News you may have missed #390 (Russia-US spy swap edition I)

  • In spy swap, agents were pawns in a practiced game. The US arrests were not made to facilitate a swap, said a US official, speaking on condition of anonymity. Rather, they were precipitated, at least partly, by the plans of several of the Russians to leave this country this summer.
  • Russian spies get tepid reception in Moscow. The 10 spies who pleaded guilty to acting as foreign agents in the United States, including one Peruvian, were given a tepid, uneasy reception in Russia on Friday. State-controlled national television channels reported their return briefly, with no patriotic fervor. No national TV channels carried live coverage of the plane’s landing, even though it was available from international news agencies.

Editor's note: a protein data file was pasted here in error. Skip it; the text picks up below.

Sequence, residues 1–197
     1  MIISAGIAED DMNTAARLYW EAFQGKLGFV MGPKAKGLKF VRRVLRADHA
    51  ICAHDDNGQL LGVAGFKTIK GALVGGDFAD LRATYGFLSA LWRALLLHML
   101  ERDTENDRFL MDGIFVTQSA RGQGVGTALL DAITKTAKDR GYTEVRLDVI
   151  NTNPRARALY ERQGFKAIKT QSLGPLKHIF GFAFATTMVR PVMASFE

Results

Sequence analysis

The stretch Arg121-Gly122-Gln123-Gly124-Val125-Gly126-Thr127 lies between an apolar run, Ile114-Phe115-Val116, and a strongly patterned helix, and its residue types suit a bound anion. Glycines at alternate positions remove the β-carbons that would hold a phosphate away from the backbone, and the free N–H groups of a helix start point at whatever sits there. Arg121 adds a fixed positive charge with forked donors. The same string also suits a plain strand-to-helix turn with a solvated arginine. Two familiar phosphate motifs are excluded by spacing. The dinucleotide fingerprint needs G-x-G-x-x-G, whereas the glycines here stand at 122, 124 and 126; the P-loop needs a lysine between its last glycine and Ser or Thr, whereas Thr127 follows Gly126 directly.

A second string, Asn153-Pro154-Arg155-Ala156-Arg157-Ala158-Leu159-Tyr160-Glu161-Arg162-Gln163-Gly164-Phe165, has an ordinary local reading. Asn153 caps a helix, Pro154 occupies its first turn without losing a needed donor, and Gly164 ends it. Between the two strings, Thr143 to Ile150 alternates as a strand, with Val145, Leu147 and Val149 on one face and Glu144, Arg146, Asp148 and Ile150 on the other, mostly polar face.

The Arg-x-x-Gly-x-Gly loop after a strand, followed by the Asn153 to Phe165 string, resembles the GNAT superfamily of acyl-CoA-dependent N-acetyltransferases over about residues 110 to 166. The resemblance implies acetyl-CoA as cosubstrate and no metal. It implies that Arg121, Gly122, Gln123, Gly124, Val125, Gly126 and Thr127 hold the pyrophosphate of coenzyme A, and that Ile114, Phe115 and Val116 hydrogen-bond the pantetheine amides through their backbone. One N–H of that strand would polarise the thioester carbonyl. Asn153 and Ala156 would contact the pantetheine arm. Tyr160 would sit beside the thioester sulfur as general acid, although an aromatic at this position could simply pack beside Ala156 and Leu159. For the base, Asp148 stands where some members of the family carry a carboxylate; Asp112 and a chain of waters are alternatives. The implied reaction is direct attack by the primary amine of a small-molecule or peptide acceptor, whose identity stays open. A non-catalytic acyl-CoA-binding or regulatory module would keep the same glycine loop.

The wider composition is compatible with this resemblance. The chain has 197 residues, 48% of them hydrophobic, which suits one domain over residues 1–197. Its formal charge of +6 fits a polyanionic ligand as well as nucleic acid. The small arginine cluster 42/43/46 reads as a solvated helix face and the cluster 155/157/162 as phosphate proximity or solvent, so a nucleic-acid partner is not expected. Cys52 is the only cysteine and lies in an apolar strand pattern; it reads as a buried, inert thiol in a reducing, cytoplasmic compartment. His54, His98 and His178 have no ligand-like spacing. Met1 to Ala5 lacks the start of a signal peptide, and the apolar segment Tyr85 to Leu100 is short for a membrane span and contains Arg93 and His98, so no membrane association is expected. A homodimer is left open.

• Russian, US spies start new lives but mystery swirls. The 14 spies swapped by Moscow and Washington were starting new lives in Russia and the West last weekend, but mystery shrouded their precise whereabouts. In one case, Igor Sutyagin, a Russian nuclear arms expert who allegedly spied for the US, found himself at a hotel somewhere in Britain, without a visa and still wearing his Russian prison clothes.

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